The news about Ridge Racer for the PlayStation Vita and its dearth of content in favor of downloadable content (DLC) reignites the discussion about how DLC affects retail games. Issues with weak content versus numerous DLC offerings is nothing new for Namco; look at Beautiful Katamari and Ace Combat 6 for the Xbox 360 for prime examples of content that probably should have been included in the initial purchase. Beautiful Katamari was probably the most egregious example, with more than a few stages locked behind a DLC paywall. I can understand publishers looking to make some extra revenue per user, but in Ridge Racer‘s case on the Vita, three courses and five cars included on the release is an absolute joke. Compare that to the deeper overall package for Ridge Racer 3D for the Nintendo 3DS. There are nearly four times as many cars in Ridge Racer 3D, and four separate courses on the first stage of the Grand Prix alone! Instead of getting loaded with content, we get to pay more for additional content for Ridge Racer on the Vita. It can be argued that connectivity encourages developers and publishers to leave stuff out for post-launch, rather than packing as much content as possible before shipping and then delivering more after a few weeks. It's change in the wrong direction.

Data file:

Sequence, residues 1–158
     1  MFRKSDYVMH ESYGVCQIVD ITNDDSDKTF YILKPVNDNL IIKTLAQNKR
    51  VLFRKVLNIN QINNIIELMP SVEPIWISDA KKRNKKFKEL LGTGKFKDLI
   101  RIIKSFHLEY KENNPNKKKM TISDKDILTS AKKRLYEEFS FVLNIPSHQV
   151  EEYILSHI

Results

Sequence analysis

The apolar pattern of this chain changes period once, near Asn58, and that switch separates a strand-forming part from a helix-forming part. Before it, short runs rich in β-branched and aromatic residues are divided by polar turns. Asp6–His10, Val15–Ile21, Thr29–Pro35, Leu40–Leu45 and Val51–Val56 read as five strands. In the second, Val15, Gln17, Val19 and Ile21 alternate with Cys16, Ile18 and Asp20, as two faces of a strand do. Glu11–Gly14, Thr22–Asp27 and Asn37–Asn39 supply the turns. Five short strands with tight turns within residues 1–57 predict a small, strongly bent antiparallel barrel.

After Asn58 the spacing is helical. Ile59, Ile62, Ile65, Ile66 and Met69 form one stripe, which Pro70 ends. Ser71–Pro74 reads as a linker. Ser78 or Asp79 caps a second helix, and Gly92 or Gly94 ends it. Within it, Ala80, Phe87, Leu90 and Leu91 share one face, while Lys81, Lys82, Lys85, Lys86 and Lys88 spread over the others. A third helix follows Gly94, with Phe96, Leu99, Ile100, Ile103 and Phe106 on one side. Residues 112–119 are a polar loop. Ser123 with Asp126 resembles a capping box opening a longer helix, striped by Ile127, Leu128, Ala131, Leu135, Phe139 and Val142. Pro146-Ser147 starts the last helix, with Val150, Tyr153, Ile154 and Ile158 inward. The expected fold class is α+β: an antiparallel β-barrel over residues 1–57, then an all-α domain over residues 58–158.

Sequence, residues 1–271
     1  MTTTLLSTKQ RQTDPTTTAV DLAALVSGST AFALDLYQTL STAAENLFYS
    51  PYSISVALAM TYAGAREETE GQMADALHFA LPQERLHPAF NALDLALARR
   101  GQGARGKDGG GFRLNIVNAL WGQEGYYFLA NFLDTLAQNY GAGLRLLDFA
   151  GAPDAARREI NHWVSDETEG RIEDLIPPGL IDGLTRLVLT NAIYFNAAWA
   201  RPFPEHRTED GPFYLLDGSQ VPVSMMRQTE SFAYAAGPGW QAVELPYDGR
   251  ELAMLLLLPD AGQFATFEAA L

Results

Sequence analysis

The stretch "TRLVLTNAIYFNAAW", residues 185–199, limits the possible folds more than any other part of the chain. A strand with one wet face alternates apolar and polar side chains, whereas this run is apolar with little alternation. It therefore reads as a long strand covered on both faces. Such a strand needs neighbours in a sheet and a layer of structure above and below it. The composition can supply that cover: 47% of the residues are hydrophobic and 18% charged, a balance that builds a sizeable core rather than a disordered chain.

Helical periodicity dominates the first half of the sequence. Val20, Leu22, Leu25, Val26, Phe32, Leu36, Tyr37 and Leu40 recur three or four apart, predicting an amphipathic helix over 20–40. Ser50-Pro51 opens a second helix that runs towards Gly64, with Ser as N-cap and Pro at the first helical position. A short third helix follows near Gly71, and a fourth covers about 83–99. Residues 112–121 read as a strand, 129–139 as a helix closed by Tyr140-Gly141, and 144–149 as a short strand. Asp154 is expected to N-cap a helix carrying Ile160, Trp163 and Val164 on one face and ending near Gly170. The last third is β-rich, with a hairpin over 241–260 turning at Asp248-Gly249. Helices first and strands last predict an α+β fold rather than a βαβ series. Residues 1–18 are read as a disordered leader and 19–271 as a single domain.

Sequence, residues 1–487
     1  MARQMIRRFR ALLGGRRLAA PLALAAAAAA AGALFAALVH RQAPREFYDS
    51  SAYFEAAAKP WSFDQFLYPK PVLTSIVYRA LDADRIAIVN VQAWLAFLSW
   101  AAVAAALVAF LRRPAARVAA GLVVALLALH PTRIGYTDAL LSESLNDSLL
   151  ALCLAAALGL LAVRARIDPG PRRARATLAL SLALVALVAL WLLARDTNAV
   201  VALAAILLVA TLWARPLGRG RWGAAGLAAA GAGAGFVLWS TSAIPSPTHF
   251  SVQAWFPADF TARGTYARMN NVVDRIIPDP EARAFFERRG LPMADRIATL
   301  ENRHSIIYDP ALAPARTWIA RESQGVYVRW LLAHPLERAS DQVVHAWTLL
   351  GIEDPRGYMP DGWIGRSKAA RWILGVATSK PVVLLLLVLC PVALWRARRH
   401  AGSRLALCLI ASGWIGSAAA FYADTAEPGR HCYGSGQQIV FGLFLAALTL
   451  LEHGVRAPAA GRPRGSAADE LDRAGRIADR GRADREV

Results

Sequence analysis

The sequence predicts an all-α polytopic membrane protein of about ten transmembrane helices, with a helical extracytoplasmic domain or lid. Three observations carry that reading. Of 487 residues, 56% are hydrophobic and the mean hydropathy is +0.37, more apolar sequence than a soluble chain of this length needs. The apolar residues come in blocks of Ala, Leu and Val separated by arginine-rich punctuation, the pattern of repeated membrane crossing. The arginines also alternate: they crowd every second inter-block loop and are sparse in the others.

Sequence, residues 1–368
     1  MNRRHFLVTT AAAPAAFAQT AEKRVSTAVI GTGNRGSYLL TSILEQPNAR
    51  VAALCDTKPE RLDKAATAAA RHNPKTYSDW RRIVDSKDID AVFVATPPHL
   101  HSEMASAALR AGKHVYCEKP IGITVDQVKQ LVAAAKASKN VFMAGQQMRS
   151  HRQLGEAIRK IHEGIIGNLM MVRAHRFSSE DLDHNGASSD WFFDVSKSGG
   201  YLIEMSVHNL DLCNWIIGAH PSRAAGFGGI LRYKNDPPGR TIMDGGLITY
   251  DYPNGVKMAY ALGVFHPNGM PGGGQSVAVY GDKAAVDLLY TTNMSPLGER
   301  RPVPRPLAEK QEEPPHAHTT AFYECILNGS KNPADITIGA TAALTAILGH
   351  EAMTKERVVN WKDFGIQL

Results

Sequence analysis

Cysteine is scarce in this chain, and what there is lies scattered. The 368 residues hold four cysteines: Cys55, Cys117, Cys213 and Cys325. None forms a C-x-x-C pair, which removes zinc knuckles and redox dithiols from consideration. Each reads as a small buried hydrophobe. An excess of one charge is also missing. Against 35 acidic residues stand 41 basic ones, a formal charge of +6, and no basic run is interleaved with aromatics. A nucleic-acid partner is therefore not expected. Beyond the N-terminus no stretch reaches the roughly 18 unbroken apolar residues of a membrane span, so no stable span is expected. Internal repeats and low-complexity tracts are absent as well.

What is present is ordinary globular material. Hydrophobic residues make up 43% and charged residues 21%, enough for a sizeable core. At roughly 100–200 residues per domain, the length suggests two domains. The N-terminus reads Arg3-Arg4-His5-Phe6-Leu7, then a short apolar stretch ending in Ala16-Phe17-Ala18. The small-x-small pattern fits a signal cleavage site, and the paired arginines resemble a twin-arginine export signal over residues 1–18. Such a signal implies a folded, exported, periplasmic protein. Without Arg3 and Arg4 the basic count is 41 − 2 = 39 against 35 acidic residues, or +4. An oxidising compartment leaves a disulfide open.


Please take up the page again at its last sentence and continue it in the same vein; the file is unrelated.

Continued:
Then we come to hacking. I understand that hacking is a peril of being online. Identity theft happens all the time, not just on the PlayStation Network or Xbox Live. The problem that I have is that we are so accepting of this and the best that the industry can do is to remind you to change your passwords and be vigilant. Worse yet, more and more content is becoming online-only, so unless you go out of your way to buy cards at local retailers, you have to chance your credit or debit card to get that DLC or arcade game that you want. GameTrailers and Spike TV gaming personality Geoff Keighley just had his Xbox Live account hacked and is offline for almost a month during Microsoft's "investigation". It happened to another friend of mine on Twitter recently, too… and I've read about it happening to more than a few other people recently as well. We allow connectivity, online commerce, and online delivery to be so instrumental to the console gaming experience, and yet we just accept it when we get hit and lose that ability when criminals attack. Stuff happens, right?
I understand that going backwards isn't an option. Console gaming has barged through the online door with a battering ram, and constant connectivity is here to stay. Still, it's hard for someone like me who has been playing console video games for decades to not look back on generations past and consider whether we're really better off now. Sure, the graphics weren't 1080p and the sound wasn't Dolby 7.1. I know that games "back then" were simpler and, at times, not very mature. I also can't help but to think back to when connectivity wasn't a requisite. I remember when games were consistently full of content when they shipped rather than skimming a few things in lieu of making a few bucks later. I still can fire up my PlayStation or PlayStation 2 and just play a game, rather than waiting for patches and DLC checks.
I'm not sure what it will take for this change to constant connectivity and online presence to find the right direction, but it's important to the future of the industry that it is found—and soon.